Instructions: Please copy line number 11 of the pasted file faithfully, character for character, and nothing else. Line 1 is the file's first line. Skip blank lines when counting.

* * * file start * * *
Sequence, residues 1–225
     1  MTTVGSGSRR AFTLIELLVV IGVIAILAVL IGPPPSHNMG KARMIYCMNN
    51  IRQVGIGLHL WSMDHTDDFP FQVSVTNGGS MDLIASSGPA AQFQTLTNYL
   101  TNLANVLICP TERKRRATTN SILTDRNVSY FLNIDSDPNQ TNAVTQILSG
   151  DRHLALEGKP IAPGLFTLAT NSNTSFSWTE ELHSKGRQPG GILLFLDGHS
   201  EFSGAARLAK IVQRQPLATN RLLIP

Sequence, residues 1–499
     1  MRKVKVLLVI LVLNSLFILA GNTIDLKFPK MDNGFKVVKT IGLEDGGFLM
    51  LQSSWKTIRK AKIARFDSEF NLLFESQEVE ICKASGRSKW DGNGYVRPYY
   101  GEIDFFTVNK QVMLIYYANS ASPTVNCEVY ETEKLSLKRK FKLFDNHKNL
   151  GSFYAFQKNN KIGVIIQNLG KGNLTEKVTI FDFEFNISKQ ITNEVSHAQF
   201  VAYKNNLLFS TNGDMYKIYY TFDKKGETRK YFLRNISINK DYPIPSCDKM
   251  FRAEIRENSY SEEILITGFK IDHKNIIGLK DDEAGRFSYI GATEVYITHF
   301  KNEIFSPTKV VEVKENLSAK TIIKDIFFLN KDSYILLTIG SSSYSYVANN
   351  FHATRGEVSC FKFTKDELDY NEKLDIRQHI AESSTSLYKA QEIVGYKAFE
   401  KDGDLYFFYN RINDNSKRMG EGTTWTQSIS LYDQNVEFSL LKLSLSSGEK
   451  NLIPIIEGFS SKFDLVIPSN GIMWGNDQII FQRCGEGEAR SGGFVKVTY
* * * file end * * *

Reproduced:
   151  GSFYAFQKNN KIGVIIQNLG KGNLTEKVTI FDFEFNISKQ ITNEVSHAQF